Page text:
Keeping long uncut hair is one of the ‘five requisites of faith’, to be a Khalsa. Interesting reading why American Indians Would Keep Long Hair…

Bhai Inderjit Singh – Rehat Bina Dar Chota Khave

The Sikhs were commanded by Guru Gobind Singh at the Baisakhi Amrit Sanchar in 1699 to wear long uncut hair called Kesh at all times. This was one of the ‘five requisites of faith’, collectively called Kakars that form the external visible identifiers to clearly affirm a Sikh’s commitment and dedication to the order (Hukam) of the tenth master and made one a member of the Khalsa

Recognize how beautiful and powerful your hair is—when you keep it, you live a life of fulfillment in this world. When Rabindranath Tagore, the great poet who found God within himself, tried to meet a friend on a steamer ship, the friend didn’t recognize him and so wrote him a letter. “We were on the same steamer, but I didn’t find you.” Tagore said, “I was there.” His friend said, “I understand you are now a God-realized man, and I would like to know what your first action was when you became aware of the Oneness in all” Tagore said, “When I realized the Oneness of all, I threw my shaving kit into the ocean. I gave up my ego and surrendered to nature. I wanted to live in the form that my Creator has given me.”

The Real Reason Why American Indians Would Keep Long Hair… It’s Deeper Than You Knew


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Could it be that hair actually serves a much bigger purpose to us than what is imposed. Society believes that hair is a matter of personal preference, style and/or convenience. How people wear their hair is usually a cosmetic matter, and switch it up and as new fads and trends pop up. But now an intriguing even from the Vietnam War is suggesting otherwise. During the war, military experts were searching American Indian Reserves for navigators. They were looking for strong, young men that could move in stealth across rugged terrain. Often times they would look for someone with almost supernatural tracking abilities. After they found these certain indigenous american men, they carefully documented their abilities, and if found them suited for the position, they would be enlisted.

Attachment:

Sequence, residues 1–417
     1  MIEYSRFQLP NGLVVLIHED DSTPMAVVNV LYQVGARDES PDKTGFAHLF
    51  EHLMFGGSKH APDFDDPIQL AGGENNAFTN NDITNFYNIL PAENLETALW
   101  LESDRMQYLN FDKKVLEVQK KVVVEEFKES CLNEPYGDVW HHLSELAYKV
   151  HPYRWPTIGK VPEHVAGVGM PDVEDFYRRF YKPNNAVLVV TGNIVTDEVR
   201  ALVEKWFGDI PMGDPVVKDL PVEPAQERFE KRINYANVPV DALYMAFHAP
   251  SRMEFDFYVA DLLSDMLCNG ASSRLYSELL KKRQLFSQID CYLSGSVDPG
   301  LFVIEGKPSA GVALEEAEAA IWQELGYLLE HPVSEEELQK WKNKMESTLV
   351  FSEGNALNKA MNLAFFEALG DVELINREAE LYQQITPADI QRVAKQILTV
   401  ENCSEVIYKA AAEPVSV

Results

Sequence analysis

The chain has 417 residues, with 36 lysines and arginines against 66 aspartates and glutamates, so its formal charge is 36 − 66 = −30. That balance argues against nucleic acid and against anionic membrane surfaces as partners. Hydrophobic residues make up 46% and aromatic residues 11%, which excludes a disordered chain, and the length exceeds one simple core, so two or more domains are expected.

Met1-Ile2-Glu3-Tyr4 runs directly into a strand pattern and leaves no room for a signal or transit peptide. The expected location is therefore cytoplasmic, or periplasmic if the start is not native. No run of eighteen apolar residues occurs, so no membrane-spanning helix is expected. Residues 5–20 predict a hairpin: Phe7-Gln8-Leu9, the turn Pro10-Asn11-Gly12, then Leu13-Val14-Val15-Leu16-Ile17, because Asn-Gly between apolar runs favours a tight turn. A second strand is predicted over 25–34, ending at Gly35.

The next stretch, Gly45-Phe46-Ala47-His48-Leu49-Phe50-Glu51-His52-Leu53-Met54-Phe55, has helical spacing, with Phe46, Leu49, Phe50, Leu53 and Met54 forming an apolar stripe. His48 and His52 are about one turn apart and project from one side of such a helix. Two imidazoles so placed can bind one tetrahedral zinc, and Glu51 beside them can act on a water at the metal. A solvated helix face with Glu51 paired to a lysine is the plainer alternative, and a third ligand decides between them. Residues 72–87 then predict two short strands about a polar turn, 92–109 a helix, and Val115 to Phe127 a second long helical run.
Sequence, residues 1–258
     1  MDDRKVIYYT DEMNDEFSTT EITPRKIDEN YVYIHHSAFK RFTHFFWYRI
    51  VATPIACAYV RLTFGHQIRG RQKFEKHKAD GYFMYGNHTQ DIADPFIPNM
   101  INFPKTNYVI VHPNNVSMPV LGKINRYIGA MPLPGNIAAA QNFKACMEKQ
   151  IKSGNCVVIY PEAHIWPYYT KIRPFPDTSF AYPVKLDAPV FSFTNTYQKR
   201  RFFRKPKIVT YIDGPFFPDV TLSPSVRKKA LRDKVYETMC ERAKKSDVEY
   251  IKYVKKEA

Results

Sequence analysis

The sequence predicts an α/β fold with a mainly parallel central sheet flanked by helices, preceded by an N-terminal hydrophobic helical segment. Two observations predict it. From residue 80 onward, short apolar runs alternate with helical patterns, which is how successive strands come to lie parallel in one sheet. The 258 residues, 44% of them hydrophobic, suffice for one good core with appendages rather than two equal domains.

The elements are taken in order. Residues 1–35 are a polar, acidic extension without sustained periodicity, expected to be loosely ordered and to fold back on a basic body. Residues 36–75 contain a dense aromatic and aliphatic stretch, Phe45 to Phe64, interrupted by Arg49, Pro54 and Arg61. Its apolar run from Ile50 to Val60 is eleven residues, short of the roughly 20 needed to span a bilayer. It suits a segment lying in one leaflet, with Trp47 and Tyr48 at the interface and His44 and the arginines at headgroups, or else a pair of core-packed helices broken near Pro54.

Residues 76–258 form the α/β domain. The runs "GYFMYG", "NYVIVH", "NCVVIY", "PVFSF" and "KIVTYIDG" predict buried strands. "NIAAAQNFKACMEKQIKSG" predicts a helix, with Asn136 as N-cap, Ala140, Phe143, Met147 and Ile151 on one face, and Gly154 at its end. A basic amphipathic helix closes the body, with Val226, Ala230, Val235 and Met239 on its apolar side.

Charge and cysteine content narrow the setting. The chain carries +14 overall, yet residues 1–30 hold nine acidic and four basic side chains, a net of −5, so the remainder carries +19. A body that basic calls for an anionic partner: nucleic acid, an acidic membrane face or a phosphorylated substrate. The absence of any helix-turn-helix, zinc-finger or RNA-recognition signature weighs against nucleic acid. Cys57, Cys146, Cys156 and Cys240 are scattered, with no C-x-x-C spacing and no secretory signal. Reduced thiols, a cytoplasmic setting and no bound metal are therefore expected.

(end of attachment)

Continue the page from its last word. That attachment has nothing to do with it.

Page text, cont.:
It appeared however, as soon they were enlisted and went through the necessary rituals of joining, the skills or talents they seemed to possess on the reserve, vanished. After many failures, the recruits were asked why the skills they once had, they no longer did. Without hesitation, many of the elder recruits replied saying that when they received the mandatory haircut, they could no longer “sense” the enemies. The “sixth sense” they once relied on, they could no longer reach. Their intuition became unreliable and they could no longer see the subtle signs, or access extrasensory information.


This intrigued the researching institute to look further into the problem. They enlisted new men, but let them keep their hair this time. After testing them, they paired up two with similar abilities, but one of them was to receive the mandatory haircut. They re-took the tests they once did at the beginning to see how they now paired up. The man that was allowed to keep his long hair got the higher score every time. The man that was forced to get the military haircut, had started to fail all the tests he previously passed.

One example of a test they performed went like this: The recruit would be sleeping in the woods, when an enemy who was armed approached. Feeling the presence of his enemy, the long haired recruit would sense the danger before even hearing any sounds made. He could sense the attack from afar, thanks to his “sixth sense.” Lying still until the attacker made his move, the man would surprise him and pass the test. They would then have the man cut his hair, and he would fail the test he had just previously aced. This led to Native American trackers being exempt from getting their haircut if joining the military.


The hair is an extension of the nervous system, comprised of “feelers” that allow huge amounts of information to be transmitted to the brain and limbic system. It has been found that facial hair in men can have a similar effect. Hair can also emit energy into the world, transferred from the brain, outside of the body, and into one’s surroundings. Evolution has designed the human body to make it seem that our survival skills seem supernatural at times. There is a purpose for everything on and in our bodies, a reason beyond a means for improving self image.